JUSTICE WATCH : Korea's Dark Page

The South Korean government has turned to the most painful chapter in the country's history, the army mutiny of 1979 and the bloody repression of a pro-democracy movement that rose four months later in the city of Kwangju. Former Presidents Chun Doo Hwan and Roh Tae Woo were indicted Thursday on charges of seizing power in the takeover. Both were already in jail on corruption charges. The regime of President Kim Young Sam is moving rapidly to shake off the militaristic past and move toward democracy. No one has been safe from the prosecutors' avenging eyes.

Just the word Kwangju is sufficient to inflame a debate anywhere on the peninsula. Now two of the dominant generals will be called to the bar of justice to answer charges concerning the events that preceded the repression in that port city.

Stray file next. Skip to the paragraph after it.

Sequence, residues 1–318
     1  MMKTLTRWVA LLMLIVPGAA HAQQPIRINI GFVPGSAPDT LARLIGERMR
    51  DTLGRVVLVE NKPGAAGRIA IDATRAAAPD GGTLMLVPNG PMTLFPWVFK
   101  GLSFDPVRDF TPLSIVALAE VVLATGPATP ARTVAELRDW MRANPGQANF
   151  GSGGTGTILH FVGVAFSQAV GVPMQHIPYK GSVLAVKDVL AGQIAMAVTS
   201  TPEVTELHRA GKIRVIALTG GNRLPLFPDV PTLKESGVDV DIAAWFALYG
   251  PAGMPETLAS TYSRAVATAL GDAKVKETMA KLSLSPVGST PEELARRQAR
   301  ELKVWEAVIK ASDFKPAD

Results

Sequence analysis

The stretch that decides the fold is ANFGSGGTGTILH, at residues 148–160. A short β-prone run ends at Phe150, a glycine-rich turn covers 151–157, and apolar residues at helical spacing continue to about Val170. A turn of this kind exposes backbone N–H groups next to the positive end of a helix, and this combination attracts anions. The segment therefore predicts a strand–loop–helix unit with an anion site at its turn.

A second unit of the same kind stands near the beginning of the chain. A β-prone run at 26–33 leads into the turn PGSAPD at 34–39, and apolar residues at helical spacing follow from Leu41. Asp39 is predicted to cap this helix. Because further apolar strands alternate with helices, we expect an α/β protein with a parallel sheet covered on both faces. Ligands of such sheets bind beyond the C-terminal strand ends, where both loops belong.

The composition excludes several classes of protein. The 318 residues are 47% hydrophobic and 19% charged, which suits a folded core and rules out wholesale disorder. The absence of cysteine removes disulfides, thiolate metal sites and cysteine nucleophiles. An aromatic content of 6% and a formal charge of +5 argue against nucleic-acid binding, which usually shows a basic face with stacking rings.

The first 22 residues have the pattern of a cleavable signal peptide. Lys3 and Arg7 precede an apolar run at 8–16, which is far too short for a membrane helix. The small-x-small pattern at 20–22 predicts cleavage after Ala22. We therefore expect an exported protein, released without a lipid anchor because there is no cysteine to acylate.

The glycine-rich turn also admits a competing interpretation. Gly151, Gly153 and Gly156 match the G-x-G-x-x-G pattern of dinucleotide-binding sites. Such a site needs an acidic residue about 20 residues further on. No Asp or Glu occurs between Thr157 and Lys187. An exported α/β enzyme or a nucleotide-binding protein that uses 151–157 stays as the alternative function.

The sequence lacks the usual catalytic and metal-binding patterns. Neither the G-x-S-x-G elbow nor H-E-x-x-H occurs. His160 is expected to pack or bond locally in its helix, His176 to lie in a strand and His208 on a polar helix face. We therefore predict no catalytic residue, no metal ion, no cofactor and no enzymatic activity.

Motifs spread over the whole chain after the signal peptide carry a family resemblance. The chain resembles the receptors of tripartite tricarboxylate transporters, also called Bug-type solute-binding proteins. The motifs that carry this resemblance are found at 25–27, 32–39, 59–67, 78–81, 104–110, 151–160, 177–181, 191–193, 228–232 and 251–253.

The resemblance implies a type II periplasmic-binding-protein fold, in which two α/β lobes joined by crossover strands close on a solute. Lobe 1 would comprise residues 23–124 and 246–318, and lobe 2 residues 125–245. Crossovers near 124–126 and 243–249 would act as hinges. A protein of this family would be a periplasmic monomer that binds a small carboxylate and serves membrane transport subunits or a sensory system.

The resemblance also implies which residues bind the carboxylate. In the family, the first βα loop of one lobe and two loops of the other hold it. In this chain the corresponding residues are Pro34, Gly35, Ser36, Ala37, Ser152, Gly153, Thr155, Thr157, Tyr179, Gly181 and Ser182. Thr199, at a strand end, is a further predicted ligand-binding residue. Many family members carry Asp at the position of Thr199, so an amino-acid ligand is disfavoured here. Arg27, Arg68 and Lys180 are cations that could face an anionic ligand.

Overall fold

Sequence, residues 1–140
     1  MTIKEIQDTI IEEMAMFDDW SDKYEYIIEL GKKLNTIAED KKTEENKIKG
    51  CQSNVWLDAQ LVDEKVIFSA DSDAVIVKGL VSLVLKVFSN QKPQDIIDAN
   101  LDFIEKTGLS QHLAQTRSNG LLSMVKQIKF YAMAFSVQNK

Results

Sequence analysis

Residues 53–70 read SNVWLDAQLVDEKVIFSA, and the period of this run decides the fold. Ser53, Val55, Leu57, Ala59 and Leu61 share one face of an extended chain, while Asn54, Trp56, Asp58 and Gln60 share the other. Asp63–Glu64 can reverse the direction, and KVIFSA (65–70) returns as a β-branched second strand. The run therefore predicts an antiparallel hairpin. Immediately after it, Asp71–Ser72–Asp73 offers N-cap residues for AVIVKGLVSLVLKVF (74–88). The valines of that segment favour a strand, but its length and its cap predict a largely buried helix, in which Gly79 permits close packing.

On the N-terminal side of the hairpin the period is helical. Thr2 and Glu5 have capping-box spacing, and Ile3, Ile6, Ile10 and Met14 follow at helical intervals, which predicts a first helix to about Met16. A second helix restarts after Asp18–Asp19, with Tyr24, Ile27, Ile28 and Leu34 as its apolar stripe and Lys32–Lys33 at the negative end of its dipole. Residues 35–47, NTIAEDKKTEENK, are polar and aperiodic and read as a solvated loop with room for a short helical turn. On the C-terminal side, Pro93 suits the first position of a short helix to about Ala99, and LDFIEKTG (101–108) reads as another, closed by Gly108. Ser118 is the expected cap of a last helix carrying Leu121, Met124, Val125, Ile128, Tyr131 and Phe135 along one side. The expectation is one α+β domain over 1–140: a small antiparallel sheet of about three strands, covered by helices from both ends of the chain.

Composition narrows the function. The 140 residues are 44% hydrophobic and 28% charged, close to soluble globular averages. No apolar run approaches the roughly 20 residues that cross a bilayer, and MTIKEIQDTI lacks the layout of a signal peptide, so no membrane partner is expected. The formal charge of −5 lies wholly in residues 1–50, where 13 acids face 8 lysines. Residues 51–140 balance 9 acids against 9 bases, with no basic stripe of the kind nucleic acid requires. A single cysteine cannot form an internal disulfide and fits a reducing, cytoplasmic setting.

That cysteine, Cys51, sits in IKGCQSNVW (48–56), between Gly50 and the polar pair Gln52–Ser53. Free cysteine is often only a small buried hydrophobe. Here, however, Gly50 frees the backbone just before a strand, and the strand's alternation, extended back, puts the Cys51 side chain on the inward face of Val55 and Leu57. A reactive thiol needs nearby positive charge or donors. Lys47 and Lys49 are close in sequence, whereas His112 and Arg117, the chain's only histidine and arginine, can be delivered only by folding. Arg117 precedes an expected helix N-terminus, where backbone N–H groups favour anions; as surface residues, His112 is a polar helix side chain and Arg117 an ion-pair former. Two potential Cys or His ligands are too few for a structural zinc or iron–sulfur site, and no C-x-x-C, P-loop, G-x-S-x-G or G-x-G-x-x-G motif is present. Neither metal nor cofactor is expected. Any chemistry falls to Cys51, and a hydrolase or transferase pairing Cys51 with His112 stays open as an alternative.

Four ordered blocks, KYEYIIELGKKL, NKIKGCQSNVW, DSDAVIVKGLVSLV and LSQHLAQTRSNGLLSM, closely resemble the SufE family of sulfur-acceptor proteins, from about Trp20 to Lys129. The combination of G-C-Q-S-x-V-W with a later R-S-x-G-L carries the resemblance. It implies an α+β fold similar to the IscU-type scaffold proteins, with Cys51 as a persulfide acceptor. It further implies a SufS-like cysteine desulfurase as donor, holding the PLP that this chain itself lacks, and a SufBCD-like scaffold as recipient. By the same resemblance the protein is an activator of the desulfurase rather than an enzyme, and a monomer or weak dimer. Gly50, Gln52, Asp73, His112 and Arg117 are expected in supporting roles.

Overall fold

The so-called Kwangju incident took place May 18-27, 1980. Times correspondent David Holley, who visited the city earlier this month, relates stories that still resonate from traumatic impact. "The nightmare haunts me even today," said a man whose leg was shattered by an army bullet during the protests against military rule. "The paratroopers sent to Kwangju were not like soldiers. They were mad dogs."

At least 240 people were killed in the crackdown on the pro-democracy forces. Some say more than 1,000 died.

The number is not important now. Moving on is. This will be a hard period for South Korea. But Kwangju is a past that must be cleansed with justice.

Copyright © 2019, Los Angeles Times
EDITION: California | U.S. & World
59°